For the study, Garzon asked a group of students to perform strenuous exercise in temperatures of around 104 degrees. Half the subjects were given a pint of beer after the workout, while the other half received the same quantity of plain water. Garzon said the hydration effect in those who drank the beer was "slightly better."
Juan Antonio Corbalán, a cardiologist who formerly worked with Real Madrid soccer players and Spain's national basketball team, says beer has the"perfect profile" for a rehydrating beverage after sports. Corbalán adds he has long advocated the drinking of barley-based beverages by professional athletes.
Not everyone agrees, however. James Betts, an expert on nutrition and metabolism at Bath University in England, agrees that a moderate amount of beer might be as effective as water at helping the body with liquid retention but doubts it is more efficacious.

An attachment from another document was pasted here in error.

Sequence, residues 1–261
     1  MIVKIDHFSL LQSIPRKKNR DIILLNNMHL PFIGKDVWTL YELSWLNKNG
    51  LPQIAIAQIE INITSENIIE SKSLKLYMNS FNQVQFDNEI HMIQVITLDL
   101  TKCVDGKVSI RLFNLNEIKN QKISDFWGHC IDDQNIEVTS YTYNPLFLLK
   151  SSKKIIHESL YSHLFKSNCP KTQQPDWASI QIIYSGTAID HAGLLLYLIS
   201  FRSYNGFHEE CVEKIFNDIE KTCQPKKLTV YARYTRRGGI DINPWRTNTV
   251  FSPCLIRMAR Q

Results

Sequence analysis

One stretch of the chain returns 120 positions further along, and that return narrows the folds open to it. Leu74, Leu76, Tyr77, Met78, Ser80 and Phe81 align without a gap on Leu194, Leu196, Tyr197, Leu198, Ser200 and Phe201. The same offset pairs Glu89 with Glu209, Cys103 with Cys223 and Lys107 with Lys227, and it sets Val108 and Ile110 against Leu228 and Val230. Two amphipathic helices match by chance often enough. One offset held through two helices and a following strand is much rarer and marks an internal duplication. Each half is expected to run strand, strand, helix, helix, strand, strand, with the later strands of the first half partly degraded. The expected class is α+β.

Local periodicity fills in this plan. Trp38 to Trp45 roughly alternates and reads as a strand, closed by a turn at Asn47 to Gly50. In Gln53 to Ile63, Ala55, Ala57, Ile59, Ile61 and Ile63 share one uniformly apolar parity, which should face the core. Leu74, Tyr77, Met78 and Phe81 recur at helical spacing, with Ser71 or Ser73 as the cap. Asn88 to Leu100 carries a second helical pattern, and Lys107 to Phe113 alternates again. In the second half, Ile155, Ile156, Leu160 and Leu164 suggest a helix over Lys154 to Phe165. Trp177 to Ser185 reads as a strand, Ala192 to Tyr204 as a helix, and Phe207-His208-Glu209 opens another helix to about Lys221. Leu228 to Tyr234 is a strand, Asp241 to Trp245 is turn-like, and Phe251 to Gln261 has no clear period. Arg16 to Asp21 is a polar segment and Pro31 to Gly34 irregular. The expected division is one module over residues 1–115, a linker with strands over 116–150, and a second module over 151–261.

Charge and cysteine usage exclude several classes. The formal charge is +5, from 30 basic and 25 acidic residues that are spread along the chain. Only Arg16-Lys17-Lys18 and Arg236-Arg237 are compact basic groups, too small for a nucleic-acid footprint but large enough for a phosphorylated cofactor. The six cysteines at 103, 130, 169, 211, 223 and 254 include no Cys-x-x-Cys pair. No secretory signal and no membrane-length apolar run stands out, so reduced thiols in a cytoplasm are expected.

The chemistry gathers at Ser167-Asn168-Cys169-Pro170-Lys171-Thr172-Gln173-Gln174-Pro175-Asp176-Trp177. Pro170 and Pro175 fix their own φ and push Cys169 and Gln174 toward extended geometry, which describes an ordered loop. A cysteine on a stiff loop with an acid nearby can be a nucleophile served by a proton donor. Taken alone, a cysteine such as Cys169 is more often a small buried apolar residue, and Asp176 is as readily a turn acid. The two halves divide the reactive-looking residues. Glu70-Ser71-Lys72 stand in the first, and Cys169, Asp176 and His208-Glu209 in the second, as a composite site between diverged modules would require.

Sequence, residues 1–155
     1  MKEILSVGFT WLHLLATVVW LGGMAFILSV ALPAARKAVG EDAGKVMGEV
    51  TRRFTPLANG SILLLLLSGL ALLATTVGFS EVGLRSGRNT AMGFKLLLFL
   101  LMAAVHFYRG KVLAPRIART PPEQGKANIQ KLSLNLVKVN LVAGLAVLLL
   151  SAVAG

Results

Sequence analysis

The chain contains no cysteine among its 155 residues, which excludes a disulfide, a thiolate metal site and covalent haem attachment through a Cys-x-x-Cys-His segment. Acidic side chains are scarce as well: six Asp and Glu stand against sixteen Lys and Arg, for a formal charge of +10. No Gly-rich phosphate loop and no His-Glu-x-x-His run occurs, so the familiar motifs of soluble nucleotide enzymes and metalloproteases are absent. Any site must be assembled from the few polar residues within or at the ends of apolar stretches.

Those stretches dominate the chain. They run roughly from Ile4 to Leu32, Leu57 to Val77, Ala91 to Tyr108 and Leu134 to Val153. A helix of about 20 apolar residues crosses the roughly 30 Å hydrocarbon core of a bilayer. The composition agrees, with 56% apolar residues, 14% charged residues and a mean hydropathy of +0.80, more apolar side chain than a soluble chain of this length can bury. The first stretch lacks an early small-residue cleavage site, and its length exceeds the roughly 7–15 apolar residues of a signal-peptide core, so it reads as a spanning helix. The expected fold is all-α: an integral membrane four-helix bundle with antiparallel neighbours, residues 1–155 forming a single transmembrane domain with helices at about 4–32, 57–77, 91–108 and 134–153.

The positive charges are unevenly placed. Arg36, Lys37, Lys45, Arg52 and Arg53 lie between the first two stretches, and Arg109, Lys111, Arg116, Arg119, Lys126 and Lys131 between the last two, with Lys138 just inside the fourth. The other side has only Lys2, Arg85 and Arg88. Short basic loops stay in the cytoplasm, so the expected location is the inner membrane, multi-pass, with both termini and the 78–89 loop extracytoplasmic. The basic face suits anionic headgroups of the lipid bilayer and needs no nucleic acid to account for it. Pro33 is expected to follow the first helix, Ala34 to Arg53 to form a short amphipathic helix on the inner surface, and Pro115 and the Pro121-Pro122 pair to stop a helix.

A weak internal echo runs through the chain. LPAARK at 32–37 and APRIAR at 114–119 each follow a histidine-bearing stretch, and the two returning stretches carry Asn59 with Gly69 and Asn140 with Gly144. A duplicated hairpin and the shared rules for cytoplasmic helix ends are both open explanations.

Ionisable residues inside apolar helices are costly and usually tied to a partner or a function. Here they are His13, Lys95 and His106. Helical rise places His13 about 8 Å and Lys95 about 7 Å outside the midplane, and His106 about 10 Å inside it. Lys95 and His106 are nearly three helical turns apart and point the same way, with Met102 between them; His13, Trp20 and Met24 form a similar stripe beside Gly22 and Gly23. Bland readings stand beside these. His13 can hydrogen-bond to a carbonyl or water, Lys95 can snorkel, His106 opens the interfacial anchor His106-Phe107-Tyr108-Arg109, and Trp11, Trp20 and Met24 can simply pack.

Plus, there is the matter of electrolytes, which Garzon seems not to address in his findings. Electrolytes are inorganic compounds -- chiefly sodium, potassium, magnesium and calcium -- which regulate fluid balance in the body. These chemicals are lost through perspiration during vigorous physical activity. Beer contains some sodium but it lacks other essential electrolytes. However, so does water
From the April 11, 2011, Prepared Foods' Daily News